All I know is it evolved to its present composition, which was made official by a 2003 federal decree (so the country can keep the intellectual property and the trade mark).
So, back to the secrets. Here are 10 tips to make your caipirinha experience unforgettable. They were collected from interviews with barmen from all over the country:
Once upon a time, landowners used to invent dietary taboos to convince their slaves that they shouldn’t eat certain things. Two of these taboos remain strong. The first says that you might die if you ate mangoes with milk. Mangoes were (and are) very abundant in the Northeast and, thus, common in the slave’s plate. Thus, the masters were trying to avoid their access to the milk. The other taboo involves eating bananas, another abundant fruit in most of the country. “Banana, de dia é ouro, de tarde é prata, de noite mata” (Banana is gold in the morning, silver in the afternoon, and fatal during the night) warns a popular saying, efficient in keeping the slaves away from the orchard after the twilight.
Overheard in an international cruise, days ago. “Brazilian passengers want lots of food, don’t really care if a dish is hot or cold, salty or sweet. But they want to eat a lot and several times a day”, writes architect and blogger Duílio Ferronato, who is working as a cook in a transatlantic, as he describes the orders he received from his superior. “European passengers, in contrast, eat less, use less salt and are more exigent. They want their dishes warm, with a beautiful presentation”. Continue reading Brazil and food, a love story→
A worker that earns the average Brazilian salary would need to work 40 minutes in São Paulo and 51 minutes in Rio to buy a Big Mac. In contrast, an average New Yorker would have to work mere 14 minutes to buy McDonald’s bestselling sandwich. The so-called Big Mac Index is only one of the instruments used by the Swiss bank UBS to illustrate the fluctuations of the purchasing power in several parts of the world.
São Paulo and Rio are, indeed, pricey cities. The disproportion is the same for other products. To buy 1 kilo of rice, for instance, you have to work 12 minutes in São Paulo, 15 in Rio and 8 in New York.
Still according to UBS – that systematically compares the cost of life in 73 cities – São Paulo got the 45th position and Rio the 48th in the last survey. This means they are more expensive than Prague, Bangkok, Beijing or Moscow. Naturally, there are fluctuations depending on the product or service you look at. Even if renting an apartment is expensive in Brazilian metropolis it cannot be compared to the exorbitant NY rentals. This explains why New York appears in the UBS study as the 6th most expensive metropolis.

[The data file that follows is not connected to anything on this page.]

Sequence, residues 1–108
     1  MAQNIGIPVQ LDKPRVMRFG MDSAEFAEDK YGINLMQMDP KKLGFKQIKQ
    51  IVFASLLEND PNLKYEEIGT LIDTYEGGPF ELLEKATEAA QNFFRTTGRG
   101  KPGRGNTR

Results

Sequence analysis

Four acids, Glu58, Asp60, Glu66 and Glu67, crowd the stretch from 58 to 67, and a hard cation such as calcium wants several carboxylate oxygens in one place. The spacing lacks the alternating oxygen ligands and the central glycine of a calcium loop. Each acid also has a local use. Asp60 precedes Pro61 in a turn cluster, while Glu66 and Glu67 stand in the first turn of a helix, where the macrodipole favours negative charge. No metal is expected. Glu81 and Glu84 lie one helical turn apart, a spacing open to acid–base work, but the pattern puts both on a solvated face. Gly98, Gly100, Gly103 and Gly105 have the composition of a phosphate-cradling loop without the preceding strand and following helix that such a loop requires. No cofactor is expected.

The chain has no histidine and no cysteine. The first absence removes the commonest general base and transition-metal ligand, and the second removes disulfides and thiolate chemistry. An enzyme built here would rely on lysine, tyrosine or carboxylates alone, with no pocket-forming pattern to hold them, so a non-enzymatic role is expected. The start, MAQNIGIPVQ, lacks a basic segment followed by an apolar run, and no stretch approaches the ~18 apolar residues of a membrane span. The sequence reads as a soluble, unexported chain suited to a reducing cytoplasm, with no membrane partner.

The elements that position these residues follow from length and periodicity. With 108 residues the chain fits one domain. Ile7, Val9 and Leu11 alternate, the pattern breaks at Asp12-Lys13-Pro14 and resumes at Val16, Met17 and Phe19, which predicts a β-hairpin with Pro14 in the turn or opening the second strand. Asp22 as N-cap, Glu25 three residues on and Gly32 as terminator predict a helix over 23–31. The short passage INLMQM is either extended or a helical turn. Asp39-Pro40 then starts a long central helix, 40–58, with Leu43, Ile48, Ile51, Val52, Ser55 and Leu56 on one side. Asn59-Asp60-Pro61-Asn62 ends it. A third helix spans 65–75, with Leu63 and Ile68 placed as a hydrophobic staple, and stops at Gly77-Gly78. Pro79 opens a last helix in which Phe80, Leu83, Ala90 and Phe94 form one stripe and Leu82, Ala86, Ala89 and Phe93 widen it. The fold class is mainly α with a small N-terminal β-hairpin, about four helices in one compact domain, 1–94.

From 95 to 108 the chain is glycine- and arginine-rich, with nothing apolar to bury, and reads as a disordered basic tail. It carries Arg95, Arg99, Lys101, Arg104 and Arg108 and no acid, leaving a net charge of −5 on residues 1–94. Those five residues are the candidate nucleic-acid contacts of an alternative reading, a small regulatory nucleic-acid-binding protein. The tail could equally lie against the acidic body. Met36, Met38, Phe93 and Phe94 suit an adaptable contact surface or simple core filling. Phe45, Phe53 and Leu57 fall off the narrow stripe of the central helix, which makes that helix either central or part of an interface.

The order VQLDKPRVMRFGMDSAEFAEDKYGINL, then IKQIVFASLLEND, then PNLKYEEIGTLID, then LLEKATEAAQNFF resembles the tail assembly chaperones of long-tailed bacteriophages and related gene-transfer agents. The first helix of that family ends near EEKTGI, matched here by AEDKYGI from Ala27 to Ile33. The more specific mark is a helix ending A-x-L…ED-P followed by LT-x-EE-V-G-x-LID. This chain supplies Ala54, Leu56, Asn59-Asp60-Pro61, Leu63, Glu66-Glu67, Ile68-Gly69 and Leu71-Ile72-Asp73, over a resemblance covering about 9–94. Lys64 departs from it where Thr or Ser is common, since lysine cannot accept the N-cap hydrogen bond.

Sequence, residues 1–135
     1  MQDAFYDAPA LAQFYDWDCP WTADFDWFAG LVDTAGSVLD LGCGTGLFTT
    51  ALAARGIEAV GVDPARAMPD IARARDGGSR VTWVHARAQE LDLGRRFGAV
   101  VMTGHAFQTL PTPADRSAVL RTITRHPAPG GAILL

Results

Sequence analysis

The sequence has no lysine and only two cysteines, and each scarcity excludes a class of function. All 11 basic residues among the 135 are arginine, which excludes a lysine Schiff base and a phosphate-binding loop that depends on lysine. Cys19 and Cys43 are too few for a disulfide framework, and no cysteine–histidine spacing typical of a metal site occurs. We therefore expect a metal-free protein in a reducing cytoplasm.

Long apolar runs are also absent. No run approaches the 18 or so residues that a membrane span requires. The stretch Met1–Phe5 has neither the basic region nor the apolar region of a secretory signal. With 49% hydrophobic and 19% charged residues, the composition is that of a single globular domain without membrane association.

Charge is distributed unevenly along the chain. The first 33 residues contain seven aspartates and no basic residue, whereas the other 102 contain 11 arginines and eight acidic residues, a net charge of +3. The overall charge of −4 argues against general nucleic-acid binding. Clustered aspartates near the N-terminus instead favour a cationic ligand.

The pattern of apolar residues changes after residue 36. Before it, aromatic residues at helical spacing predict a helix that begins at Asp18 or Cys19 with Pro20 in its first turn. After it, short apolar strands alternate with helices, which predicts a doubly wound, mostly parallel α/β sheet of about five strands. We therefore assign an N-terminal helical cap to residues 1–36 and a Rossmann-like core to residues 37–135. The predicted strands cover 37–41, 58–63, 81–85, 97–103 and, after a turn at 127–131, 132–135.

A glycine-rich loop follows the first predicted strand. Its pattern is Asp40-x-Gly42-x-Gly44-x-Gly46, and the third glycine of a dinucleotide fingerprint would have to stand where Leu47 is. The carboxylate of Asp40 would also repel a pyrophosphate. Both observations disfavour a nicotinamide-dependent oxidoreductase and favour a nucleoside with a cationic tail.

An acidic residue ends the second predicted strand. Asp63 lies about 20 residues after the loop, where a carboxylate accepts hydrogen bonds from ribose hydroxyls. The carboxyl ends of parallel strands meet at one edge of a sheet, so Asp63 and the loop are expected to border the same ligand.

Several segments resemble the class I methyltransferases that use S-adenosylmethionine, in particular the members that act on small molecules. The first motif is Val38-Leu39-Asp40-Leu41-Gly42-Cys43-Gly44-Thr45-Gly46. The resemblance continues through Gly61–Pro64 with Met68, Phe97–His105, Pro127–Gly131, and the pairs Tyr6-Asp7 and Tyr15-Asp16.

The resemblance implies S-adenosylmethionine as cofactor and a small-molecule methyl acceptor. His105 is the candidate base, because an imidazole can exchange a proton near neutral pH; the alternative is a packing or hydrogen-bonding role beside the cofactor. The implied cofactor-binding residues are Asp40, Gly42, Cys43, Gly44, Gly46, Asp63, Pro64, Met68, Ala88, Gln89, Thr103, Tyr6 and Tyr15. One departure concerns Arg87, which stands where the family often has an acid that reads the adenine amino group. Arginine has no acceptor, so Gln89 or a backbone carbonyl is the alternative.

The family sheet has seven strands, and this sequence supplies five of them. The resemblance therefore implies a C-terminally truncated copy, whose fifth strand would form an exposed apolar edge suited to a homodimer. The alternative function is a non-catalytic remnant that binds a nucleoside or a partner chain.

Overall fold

Thomas Berner, an American economist that works for UBS on this study, says prices have been growing consistently in Rio and São Paulo in the last 10 years. The price of the products and service that the bank uses as a reference became aproximately135% more expensive in reais, the national currency, between 2000 and 2009. Berner was interviewed by G1, a website related to Globo, the main Brazilian news network. G1 chose the Honda Civic to illustrate this. The car costs around 15,000 dollars in the United States and 65,000 reais (35,000 dollars) in Brazil.
Once the average income didn’t grow proportionally, you have to work many more hours to keep buying the same. Consequence: the average paulistano may consume less than half what a New Yorker can purchase.
What is your experience? Do you find you find your purchasing power lower in Brazil?
Caipirinha – a mix of sugar cane spirit (cachaça), crushed lime, white sugar and ice – is a big hit among foreigners that visit Brazil. It is pretty much everywhere in the country and many Brazilian families own the special wooden mortar used to prepare the beverage. Caipirinha and its variations, such as caipiroska (with vodka) or saquerinha (with sake), are just a tiny sample of popular Brazilian drinks.
Follow me in the discovery of other national specialties. Most of them carry cachaça (also known as pinga, aguardente de cana, caninha or “a brava“/”the nasty one”):
Batidas – This mix of cachaça, fruit, ice and lots of sugar is a favorite in the kiosks that line the Brazilian coast. You name the fruit – maracujá (passion fruit), coco (coconut), morango (strawberry). In fact, caipirinha is just one more type of batida.
Meia de seda (probably named after pantyhose because it is a girlie drink) – Those with a really sweet tooth can try this mix of 1/3 of gin, 1/3 cacao liqueur (made with the fruit, not cocoa), 1 spoon of sugar and cinnamon (some recipes abolish the gin or substitute it by rum). Sort of old-fashioned, a souvenir of the golden fifties. Continue reading 10 Brazilian drinks as cool as caipirinha→